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Week Five

alexandrakg's picture

Dennet writes, "what we are is very much a matter of what culture has made us" (Dennet 340).  I am interested in bridging the gap between cultural perceptions of humanity and scientific perceptions of humanity.  A big question since the dawn of civilization has been where do we come from and why are we here?  I don't understand why when science was created to explore all possibilities and find the answers to existence, its conclusions are so easily rejected.  Can we ignore the truth if we don't like it?  Can something still be possible if we cannot quite imagine it?  I can't begin to imagine billions of years of history and change, but just because it's scary and different and something I don't fully understand doesn't mean that it is not valid.  When we are discussing evolution, we need to be able to distinguish fear of the unknown and genuine objections and inquiry into the theory's gray areas.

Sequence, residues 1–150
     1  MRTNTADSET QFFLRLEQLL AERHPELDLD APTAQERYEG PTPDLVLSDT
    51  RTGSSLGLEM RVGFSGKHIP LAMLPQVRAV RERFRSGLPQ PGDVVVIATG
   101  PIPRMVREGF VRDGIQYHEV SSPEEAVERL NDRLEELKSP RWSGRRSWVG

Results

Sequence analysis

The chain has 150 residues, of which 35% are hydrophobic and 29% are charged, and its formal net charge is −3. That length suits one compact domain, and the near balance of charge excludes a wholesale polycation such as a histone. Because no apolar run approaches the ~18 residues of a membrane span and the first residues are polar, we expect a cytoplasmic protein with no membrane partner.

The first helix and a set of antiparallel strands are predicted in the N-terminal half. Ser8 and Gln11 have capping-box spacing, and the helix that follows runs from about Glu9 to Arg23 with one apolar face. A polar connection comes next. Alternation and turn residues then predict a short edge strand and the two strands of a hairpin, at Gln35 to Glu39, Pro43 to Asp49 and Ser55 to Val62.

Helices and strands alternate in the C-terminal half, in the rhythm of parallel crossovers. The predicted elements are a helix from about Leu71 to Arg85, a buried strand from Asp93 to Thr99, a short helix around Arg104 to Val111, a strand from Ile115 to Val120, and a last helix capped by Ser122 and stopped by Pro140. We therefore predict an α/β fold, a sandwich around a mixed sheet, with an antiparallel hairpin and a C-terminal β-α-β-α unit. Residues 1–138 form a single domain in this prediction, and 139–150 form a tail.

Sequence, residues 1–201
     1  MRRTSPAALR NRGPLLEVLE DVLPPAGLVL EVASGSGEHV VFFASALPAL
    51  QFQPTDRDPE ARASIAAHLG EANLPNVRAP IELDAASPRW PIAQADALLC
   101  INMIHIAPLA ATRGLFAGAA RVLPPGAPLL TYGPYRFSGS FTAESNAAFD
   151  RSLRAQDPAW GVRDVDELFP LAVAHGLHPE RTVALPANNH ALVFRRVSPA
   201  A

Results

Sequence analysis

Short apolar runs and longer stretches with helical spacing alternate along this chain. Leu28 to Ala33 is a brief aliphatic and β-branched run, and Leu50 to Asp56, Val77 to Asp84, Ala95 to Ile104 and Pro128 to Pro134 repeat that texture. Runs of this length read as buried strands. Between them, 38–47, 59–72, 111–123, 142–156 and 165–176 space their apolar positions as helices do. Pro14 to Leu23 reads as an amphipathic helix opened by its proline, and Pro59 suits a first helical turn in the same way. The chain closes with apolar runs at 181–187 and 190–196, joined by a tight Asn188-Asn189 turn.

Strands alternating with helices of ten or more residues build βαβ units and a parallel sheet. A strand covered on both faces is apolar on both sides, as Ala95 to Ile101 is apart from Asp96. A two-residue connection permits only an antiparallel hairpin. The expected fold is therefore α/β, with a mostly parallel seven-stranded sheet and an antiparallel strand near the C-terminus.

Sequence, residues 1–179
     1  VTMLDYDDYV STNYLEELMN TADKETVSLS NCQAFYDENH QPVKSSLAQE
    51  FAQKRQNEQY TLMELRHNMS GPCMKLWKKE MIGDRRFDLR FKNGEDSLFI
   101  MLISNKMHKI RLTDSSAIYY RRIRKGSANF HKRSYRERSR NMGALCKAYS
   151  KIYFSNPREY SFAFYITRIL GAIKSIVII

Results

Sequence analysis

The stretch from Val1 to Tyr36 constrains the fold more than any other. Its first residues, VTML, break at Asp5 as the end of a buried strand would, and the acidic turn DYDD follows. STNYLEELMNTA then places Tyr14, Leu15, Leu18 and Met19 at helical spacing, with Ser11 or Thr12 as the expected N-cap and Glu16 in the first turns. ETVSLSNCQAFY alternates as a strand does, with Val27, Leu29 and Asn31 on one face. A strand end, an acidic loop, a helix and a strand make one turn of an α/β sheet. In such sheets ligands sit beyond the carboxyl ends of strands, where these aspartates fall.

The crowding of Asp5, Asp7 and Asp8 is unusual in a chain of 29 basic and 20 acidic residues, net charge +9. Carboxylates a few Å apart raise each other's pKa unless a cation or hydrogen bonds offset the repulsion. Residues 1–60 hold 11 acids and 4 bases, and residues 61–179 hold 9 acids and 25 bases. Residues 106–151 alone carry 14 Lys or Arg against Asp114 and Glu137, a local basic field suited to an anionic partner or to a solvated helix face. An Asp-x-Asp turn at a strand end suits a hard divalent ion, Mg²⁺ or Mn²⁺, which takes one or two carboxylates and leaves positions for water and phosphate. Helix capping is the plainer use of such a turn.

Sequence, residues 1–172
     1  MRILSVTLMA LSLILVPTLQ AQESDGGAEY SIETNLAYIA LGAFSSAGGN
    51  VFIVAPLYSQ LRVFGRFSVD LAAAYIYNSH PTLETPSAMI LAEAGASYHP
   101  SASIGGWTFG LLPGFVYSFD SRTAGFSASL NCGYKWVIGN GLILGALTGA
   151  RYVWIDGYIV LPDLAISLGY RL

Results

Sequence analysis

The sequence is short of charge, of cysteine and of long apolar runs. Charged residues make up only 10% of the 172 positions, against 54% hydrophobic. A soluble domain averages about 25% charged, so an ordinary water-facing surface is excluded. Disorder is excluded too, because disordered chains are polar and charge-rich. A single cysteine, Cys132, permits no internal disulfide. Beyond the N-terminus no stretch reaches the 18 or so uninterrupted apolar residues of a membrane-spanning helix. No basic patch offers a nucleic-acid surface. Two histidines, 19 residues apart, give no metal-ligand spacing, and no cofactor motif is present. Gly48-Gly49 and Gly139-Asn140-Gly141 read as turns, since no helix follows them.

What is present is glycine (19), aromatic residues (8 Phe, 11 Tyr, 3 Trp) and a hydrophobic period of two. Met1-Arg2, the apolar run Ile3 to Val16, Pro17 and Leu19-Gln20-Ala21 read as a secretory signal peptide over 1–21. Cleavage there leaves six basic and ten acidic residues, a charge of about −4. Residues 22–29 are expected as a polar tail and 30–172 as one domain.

elly's picture

Fear vs. Inquiry?

 You ask here, "can we ignore truth if we don't like it?" But I believe that at the beginning of this class we came to a conclusion that there is no such thing as truth but rather a series of expectations based on previous experiences (the sun will rise tomorrow because it did yesterday, and the day before etc etc) and everything is relative. I think that is why, despite the fact that these approaches to humanity are so difficult to nail down, we continue to try to solve the mystery. We fear the idea that there is no truth and that everything is relative and based on prediction, just as we fear the fact that evolution is based on chance. I believe that we come into every situation with our previous experiences and expectations present, and so it is hard for people not to fear the unknown and to believe in something they have never seen "proof" of because all of our personal truths are based on that past knowledge that we bring with us. So I suppose that I just have trouble imagining a situation where we would be able to be sure that we could "distinguish fear of the unknown" from "genuine objection or inquiry..."

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